Last night, Saturday, October 3rd, the Art Of Jazz Series at the Albright-Knox Art Gallery returned after a hiatus of two years from the fifteen-year run produced by Bruce Eaton. You can say it was quite the celebration that ended with a festive party. Jon Nelson, Artistic Director and Producer of the new series, may have had a party in mind as the perfect way to kick off the Art Of Jazz series.
Janne Siren, Peggy Pierce Elfvin Director of Albright-Knox Art Gallery and his staff put the welcome mat out yesterday for the nine-piece band Slavic Soul Party! The band infuses Serbian and Balkan dance rhythms into a sound heavy on brass and minimalist percussions. The percussions, however, are like the heartbeat of the Balkan-influenced music. An addictive trance-like rhythm that just makes you unable to resist the need to dance. As some audience members did and encouraged by the band.
The driving force behind the band is Matt Moran, who founded the group over a dozen years ago. Playing the traditional Serbian bass drum (called a goch), his driving force is literal. Prancing the stage as he leads each song with the infectious beat of the drum he carries. The nine-piece band is much like a combustion of a marching band, a Serbian brass band, James Brown funk, gypsy jazz, and a jazz ensemble all wrapped up into a unique brand of music Moran envisioned.
The band opened with a tune called Sing Sing Cocek. Composed as a result of the band’s volunteer, as well as missionary, efforts in performing in prisons. The song was played with soulful funk and cocek in Serbian means a party-like form of song and dance. An integral part of the band’s performance throughout the night was the introduction of the 9/8 rhythm. Magnificently displayed and performed in their tune called Jackson.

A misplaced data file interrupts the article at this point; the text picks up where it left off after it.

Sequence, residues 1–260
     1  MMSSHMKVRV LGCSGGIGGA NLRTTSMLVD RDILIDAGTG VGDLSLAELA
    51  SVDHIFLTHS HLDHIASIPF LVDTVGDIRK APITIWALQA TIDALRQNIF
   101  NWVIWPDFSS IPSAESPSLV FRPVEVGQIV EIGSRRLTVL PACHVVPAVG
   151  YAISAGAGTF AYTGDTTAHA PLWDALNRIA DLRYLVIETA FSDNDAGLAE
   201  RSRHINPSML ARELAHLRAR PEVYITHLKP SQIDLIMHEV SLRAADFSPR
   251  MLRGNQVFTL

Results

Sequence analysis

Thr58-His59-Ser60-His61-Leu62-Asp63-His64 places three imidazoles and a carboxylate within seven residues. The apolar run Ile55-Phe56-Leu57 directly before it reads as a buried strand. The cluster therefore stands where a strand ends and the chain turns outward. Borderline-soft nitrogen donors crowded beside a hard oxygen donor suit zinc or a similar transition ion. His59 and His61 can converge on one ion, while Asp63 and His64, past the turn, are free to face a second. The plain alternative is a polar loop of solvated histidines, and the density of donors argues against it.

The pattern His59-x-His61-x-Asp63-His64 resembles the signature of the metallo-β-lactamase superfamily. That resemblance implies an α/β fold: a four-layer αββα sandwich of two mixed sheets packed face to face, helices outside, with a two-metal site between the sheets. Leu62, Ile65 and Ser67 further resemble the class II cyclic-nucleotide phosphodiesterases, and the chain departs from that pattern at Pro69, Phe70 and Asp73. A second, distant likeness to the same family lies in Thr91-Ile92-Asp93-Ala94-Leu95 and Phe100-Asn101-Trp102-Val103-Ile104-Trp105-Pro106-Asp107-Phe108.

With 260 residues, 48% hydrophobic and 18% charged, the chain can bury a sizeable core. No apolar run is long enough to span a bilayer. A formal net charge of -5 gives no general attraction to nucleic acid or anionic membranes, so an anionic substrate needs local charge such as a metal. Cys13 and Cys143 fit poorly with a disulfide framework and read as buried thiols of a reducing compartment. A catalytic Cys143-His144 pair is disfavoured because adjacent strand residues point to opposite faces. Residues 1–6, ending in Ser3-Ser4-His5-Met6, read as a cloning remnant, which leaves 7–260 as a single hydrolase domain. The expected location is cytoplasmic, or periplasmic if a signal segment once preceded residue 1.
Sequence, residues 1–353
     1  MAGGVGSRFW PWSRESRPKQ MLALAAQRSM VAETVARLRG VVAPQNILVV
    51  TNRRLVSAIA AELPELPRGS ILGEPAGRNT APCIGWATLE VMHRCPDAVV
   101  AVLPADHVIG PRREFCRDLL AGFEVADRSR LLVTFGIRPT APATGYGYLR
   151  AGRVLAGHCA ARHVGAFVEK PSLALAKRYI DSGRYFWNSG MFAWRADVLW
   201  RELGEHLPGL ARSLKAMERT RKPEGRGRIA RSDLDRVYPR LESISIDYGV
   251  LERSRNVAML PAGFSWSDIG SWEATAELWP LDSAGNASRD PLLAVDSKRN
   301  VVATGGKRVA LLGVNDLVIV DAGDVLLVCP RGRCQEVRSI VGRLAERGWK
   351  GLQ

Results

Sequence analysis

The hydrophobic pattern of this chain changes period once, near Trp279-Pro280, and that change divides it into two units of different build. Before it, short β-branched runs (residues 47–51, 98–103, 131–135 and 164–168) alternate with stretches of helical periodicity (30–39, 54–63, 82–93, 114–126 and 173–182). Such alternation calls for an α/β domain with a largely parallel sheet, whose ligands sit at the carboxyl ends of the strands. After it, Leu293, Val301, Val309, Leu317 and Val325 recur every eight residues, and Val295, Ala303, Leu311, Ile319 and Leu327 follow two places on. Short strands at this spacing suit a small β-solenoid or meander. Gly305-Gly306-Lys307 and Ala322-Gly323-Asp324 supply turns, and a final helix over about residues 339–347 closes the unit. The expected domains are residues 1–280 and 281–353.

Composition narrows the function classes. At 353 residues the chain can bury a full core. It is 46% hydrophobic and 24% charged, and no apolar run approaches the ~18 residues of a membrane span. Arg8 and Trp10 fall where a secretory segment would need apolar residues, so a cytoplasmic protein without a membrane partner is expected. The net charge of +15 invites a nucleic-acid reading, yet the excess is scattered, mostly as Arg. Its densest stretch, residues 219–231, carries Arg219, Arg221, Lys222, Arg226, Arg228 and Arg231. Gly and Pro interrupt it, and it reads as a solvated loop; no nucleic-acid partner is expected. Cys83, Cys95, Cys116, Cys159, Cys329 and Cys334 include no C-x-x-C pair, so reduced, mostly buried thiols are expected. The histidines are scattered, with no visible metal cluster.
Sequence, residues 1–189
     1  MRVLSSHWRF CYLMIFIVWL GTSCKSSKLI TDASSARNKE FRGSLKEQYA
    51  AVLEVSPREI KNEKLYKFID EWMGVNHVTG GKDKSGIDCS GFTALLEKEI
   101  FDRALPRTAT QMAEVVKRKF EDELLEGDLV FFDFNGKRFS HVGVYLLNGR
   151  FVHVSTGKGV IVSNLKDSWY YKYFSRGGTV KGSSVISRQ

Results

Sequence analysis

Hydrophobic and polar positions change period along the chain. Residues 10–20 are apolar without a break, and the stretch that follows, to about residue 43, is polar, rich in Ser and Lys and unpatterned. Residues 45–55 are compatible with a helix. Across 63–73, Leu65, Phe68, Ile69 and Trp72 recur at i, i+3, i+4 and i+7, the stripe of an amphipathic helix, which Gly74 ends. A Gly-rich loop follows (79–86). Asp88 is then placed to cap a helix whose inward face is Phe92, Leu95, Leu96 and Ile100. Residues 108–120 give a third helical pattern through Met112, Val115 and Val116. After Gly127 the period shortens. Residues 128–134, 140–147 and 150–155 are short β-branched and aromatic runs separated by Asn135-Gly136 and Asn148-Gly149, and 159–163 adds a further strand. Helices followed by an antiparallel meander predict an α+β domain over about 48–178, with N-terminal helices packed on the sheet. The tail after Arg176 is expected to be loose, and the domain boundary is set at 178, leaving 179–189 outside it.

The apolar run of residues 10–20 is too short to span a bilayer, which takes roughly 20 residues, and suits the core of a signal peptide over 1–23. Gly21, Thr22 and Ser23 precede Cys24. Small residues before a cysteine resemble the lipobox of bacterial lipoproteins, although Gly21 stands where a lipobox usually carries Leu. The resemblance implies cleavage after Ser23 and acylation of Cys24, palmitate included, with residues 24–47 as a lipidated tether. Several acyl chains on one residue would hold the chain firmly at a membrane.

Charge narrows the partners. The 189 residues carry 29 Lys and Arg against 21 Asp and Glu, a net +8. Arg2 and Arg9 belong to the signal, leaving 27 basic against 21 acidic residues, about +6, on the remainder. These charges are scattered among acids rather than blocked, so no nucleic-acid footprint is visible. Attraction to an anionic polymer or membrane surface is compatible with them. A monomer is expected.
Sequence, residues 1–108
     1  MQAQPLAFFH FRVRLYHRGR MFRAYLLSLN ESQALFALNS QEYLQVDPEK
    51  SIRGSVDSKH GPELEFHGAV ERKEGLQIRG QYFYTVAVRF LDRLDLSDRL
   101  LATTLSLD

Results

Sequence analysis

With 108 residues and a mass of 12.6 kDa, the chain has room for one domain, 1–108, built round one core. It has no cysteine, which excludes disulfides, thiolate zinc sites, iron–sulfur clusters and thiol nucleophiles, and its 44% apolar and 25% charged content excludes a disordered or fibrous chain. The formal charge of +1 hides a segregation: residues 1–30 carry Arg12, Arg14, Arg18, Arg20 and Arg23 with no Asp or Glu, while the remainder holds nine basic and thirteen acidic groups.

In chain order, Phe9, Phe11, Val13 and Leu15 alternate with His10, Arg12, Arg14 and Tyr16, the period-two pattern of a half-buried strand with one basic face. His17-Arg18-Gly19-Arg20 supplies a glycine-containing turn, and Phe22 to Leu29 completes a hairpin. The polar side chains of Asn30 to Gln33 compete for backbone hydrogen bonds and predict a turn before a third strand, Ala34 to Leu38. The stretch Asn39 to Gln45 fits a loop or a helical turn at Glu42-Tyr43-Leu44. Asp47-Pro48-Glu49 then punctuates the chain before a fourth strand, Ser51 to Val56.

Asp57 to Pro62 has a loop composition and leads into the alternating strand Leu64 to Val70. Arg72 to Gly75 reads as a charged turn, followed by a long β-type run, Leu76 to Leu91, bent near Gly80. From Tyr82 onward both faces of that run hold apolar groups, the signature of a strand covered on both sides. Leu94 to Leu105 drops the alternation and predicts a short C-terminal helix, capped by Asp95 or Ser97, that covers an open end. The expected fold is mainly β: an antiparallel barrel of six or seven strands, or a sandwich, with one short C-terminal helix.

One of the band’s most resounding playing last night was their interpretation of Duke Ellington’s Far East Suite. Moran explained that while the Ellington orchestra was touring India and Afghanistan in 1963, with plans to travel further east, it was cut short by the JFK assassination. Ellington composed the suite in response. The band’s mix of the Balkan rhythm with the sweeping orchestral inflections unmistakable as the Ellington sound proved to be a highlight of the evening.
There were standout performances by the entire band. Peter Stan, on accordion, was a unique revelation that this instrument can have a place in jazz. Others included Kenny Warren on trumpet and Peter Hess on alto sax. All though in fact were a superb collection of accordion, alto sax, two trumpets, two trombones, a Sousaphone (tuba), Moran’s goch bass drum, and snare drum.
The band alluded to a form of restraint last night. Not in the music but how the audience must feel restrained sitting in their seats for the music is soulful and evokes instinctive needs to move and dance. If ever in Brooklyn, you may want to catch this band in an open environment where they are known to move amongst the audience and create one giant dance party. To give you a sense of what they were alluding to, check out this video of the band playing their tune Jackson right in the midst of the audience.
The Art of Jazz series began with a rousing party by Slavic Soul Party! I am sure many who attended last night would echo this sentiment – it was a good night for the soul!
Keep Jazz Alive In WNY!